“OK,” said Santa.  “We’ll need the latest version of the budget.”  He tapped on the table and a huge, bulky laptop appeared.  He tapped again, and an abacus appeared beside it.  “Easier for quantum work,” said Santa.  “Ben,” addressing the Secretary, “Can you get the fat guy from the OMB over here, now?”

“Perhaps Mister Secretary’s staffer could contact Jack Harris at the OMB,” said the Deputy Whip, looking at me.

“Ben can make his own damn calls,” said Santa.  “I’ve known him all his life, and he’s a lazy SOB.  Been on the wrong List most of his life, this one.  I know if you’ve been bad or good, you know.”

Benjamin N. West, III, the 77th Secretary of the Treasury of the United States of America, turned a deep and unappetizing crimson.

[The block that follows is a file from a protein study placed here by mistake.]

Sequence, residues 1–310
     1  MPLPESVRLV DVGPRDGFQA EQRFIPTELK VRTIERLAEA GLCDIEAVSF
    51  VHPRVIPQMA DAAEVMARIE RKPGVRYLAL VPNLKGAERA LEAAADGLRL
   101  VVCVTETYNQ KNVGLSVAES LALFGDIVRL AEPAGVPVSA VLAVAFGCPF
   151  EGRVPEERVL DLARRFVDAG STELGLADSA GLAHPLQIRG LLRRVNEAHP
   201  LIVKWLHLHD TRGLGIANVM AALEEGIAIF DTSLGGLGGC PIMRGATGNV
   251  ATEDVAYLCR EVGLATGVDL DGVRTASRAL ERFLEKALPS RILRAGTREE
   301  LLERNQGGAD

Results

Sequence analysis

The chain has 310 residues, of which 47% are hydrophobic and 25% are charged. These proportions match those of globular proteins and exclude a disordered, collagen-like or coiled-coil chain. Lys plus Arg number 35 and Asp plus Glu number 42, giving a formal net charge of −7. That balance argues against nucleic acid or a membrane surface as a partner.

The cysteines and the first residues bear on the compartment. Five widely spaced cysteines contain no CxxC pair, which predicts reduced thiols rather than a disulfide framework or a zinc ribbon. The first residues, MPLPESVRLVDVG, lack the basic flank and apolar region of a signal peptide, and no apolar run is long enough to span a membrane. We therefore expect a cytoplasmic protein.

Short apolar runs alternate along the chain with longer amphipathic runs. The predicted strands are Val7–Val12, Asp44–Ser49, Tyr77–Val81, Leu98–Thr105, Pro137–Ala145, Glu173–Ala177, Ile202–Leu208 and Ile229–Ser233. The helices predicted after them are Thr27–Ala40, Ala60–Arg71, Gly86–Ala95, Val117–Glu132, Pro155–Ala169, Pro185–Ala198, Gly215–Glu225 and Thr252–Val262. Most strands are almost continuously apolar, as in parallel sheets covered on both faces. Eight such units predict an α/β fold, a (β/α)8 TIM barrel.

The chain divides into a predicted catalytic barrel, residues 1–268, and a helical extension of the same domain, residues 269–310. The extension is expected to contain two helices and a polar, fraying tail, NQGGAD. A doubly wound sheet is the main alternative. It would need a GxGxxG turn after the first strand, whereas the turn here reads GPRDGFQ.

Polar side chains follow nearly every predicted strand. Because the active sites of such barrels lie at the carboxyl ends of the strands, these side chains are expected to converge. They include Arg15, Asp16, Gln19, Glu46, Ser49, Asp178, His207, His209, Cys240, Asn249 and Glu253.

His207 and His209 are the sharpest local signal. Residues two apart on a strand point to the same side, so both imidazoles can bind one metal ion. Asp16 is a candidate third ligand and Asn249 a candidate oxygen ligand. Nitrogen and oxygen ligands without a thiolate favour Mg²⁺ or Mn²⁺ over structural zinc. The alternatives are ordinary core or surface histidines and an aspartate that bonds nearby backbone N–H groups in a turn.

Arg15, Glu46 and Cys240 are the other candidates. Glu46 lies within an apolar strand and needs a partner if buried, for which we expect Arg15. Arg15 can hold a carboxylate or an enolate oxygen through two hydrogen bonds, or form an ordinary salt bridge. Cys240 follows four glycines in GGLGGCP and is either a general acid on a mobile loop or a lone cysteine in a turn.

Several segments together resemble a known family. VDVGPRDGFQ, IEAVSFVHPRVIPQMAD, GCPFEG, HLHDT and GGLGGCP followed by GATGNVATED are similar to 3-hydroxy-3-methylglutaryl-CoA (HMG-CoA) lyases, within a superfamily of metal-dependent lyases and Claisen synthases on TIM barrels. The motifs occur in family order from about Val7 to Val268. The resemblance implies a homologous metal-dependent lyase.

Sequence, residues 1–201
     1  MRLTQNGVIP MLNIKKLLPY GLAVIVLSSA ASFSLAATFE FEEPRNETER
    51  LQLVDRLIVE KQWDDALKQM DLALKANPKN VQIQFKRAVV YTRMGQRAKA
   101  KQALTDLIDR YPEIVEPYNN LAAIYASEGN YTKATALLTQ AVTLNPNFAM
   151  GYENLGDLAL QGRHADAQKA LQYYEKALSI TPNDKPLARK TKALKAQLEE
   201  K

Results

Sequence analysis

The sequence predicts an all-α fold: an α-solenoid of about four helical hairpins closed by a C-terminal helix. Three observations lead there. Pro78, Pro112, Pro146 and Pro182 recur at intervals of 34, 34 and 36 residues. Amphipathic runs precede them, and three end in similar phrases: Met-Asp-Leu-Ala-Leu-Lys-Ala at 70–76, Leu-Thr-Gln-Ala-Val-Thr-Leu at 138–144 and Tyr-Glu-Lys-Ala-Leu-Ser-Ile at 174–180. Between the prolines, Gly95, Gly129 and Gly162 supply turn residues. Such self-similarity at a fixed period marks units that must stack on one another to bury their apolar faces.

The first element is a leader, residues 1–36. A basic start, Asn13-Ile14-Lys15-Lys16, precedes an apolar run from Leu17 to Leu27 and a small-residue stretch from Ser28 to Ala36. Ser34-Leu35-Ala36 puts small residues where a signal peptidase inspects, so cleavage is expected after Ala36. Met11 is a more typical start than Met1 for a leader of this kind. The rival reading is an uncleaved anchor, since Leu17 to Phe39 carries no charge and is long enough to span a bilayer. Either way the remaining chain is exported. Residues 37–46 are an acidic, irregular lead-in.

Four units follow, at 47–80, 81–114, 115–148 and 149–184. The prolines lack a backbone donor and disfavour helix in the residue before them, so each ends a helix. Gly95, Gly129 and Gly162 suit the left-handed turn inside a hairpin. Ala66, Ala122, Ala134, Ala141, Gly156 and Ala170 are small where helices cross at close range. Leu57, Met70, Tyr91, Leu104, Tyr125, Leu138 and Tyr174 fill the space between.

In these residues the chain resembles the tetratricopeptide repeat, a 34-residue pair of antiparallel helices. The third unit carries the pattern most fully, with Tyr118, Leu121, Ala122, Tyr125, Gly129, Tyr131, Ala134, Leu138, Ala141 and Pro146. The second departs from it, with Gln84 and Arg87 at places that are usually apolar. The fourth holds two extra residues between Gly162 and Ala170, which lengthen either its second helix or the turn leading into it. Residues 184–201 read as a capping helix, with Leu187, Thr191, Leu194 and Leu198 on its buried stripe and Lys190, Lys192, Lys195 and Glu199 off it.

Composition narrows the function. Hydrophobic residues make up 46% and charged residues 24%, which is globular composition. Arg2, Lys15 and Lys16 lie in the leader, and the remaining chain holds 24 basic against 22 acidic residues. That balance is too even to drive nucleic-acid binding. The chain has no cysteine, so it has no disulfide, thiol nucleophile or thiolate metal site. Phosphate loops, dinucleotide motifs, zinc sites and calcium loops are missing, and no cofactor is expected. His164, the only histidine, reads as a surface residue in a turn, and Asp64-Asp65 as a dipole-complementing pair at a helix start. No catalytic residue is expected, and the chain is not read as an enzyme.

“Oh, for goodness’ sake, not that,” said Santa.  “That’s perfectly normal.”

“OK,” said Santa.  “We’ll need the skinny guy from the CBO too.  We’ll be scoring this sucker.  You get him here.”  He turned to the Speaker.  “I’ll have a glass of Old Roadkill, too, and one of those Havana cigars in your desk.”

“They’re not from Hav. . . “ started the Speaker, but a raised white eyebrow silenced him.  Santa stood, threw off his jacket and rolled up his sleeves.  With bourbon in one hand and cigar in the other, he started pecking one-fingered at the laptop.  Within minutes, Jack Harris, OMB Director, arrived in the Speaker’s office.  He took one look at the figure sitting at the conference table and would have walked straight out of the room had not the Speaker blocked his exit.